The fentanyl drug is a highly potent opioid, around 100 times more powerful than heroin. But unlike heroin or morphine, it is synthesized from chemicals in a lab rather than from naturally-occurring opium.
Overdoses have dramatically increased in recent months, because often, many users don’t realize what they are getting. They think they are taking heroin as usual, or even a prescription drug. But the fact is, just a small amount of pure fentanyl is enough to kill most users. If only they knew the powerful fentanyl drug had ended up in their bag of heroin, they might think twice about using.
For those of you who don’t remember, fentanyl is the drug responsible for the tragic and untimely death of the artist Prince back in April.
Fentanyl is a prescription drug, which is indicated for little use outside of anesthesia. But it’s not legal fentanyl that is usually ending up on the street – it’s fentanyl synthesized in clandestine labs in China that is the main culprit, according to the DEA.
The fentanyl is then shipped to Mexico, where the cartels lace it into heroin, or press it into tablets that look like painkillers or anti-anxiety medications. Then, the resulting drug mixture is shipped to dealers, or directly to would-be users, through what is known as the Internet’s darknet or dark web.
There is a reason why fentanyl has become so popular for use in drugs – it’s cheap to produce, and can go a long, long, way. According to the DEA, one kilogram of fentanyl costs about $3000-$4000 to produce, and can yield about $1.5 million.
Currently, the DEA has six agents operating out of Beijing who work with China’s Ministry of Public Security. Officials placed controls on 116 new chemicals last year, 19 of which have a similar molecular structure as fentanyl. This has helped reduced the supply of some of the drug’s analogs (drugs with a slightly different molecular structure.)
However, in effort to stay one step ahead of the legal system, both here and abroad, drug manufacturers continue to tweak the molecular structure of drugs as a means of circumventing the law. This creates a never ending battle for drug enforcement officials. Indeed, new synthetic drugs are being identified frequently.
The U.S. State Department is working, however, through with the United Nations to ensure police worldwide can identify new drugs and seek prosecution. To battle production, the State Department and a collection of U.S. senators have asked the U.N. to add two key ingredients used to make the fentanyl drug to the list of highly-controlled substances.
How To Protect Yourself Or Others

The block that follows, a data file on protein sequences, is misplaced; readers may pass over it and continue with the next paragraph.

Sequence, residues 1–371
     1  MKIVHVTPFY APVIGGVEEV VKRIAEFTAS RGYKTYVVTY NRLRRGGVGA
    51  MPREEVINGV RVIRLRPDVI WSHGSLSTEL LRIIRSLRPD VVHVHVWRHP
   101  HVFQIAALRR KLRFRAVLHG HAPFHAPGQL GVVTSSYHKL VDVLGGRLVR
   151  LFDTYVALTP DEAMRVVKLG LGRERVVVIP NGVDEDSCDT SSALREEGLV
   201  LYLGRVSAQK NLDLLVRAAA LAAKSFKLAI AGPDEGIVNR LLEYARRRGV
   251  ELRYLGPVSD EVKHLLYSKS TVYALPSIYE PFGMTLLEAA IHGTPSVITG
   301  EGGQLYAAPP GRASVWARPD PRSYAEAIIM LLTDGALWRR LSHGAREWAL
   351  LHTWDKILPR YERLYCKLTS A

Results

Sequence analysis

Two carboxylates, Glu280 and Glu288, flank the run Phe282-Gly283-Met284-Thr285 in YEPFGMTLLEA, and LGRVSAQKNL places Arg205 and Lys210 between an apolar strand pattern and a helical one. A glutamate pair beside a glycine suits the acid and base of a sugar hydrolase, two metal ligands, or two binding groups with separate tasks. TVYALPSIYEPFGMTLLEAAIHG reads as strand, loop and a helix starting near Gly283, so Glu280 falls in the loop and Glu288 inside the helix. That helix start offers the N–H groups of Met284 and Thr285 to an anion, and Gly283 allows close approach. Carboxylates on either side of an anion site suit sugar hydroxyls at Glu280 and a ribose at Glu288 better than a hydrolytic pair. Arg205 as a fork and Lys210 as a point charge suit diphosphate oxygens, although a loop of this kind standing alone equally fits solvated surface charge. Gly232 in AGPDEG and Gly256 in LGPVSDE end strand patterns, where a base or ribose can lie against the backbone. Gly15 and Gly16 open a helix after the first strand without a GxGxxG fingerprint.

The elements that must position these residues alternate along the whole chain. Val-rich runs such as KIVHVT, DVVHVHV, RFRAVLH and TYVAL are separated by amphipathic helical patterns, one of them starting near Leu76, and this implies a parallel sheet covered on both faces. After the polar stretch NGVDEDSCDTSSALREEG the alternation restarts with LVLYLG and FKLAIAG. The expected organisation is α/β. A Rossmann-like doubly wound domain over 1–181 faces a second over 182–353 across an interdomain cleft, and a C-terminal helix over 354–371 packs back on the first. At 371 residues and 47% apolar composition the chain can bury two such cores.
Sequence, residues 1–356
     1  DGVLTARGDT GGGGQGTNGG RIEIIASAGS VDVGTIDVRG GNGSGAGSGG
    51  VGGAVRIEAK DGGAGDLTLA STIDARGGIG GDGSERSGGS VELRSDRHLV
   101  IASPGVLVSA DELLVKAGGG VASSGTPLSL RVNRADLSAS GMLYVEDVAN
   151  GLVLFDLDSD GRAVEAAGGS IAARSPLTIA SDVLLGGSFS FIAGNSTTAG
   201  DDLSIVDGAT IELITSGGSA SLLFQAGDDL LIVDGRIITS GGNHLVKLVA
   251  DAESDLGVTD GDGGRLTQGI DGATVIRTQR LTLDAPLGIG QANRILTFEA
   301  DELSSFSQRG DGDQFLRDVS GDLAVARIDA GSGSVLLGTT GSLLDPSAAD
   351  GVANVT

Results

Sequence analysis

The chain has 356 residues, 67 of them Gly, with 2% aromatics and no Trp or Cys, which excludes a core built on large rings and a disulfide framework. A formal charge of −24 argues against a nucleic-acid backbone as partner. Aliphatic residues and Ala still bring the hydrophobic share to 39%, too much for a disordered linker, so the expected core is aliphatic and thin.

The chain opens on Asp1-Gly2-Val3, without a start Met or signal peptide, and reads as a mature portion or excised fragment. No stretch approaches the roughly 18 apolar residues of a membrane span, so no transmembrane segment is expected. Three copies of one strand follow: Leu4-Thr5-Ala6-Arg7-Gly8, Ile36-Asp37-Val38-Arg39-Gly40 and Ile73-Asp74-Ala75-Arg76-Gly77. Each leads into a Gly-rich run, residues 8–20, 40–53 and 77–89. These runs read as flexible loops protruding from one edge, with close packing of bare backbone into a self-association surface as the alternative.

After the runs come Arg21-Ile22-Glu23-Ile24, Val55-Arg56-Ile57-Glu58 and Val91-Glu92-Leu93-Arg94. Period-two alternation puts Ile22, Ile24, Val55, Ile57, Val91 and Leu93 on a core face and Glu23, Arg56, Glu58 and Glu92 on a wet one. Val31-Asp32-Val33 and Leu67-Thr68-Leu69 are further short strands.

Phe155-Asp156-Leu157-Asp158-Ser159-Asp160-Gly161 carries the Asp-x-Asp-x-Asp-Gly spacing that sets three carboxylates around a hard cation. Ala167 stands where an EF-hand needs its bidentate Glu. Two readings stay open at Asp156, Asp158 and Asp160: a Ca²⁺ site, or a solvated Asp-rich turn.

If you a heroin user, or loved one of a heroin user, seek a way to have the anti-overdose drug Narcan (naloxone) on hand. It is a antidote administered via injection or as a nasal spray.
While it is currently available only by prescription in some states, others allow dispensary by a pharmacist without a prescription. For more information about availability, visit Narcan’s website.
Keep in mind that while naloxone has saved thousands of lives by effectively reversing overdoses related to opioids, fentanyl is so powerful, that multiple doses of the drug may be required to save a life. Fentanyl is responsible for overdoses of individuals who have been using heroin for many years.
Currently, heroin users are playing Russian roulette, so to speak, by not knowing what they are getting in their drug of choice. There is no way to discern the difference between heroin and fentanyl from a user standpoint. Often, that determination is made far too late, such as after an autopsy.
And please, please do not purchase drugs on the darknet. A drug purchased on the Internet is even more of a wild card than buying as usual on the street.
Finally, carfentanil, a cousin of fentanyl but 100 times more powerful, has also been responsible for multiple deaths in areas such as Ohio and Canada. It is used to sedate large animals such as elephants, and is not indicated for use on humans. Even minor, incidental skin contact with the drug may be enough to cause a deadly overdose.
Drug Use Statistics
According to the Centers for Disease Control and Prevention, about 78 Americans die every day from an overdose. Another 580 will try heroin (or what may be heroin) for the first time.
In 2014, more than 28,000 Americans lost their lives to opioid drugs, including heroin, fentanyl, and prescription painkillers. The number of drug overdoses quadrupled between 1999-2014.
An estimated 75%-80% of new heroin users first became addicted to prescription painkillers. Patients may switch to heroin when they can no longer afford or obtain prescriptions for their drug of choice, which may include oxycodone, vicodin, hydrocodone, and others.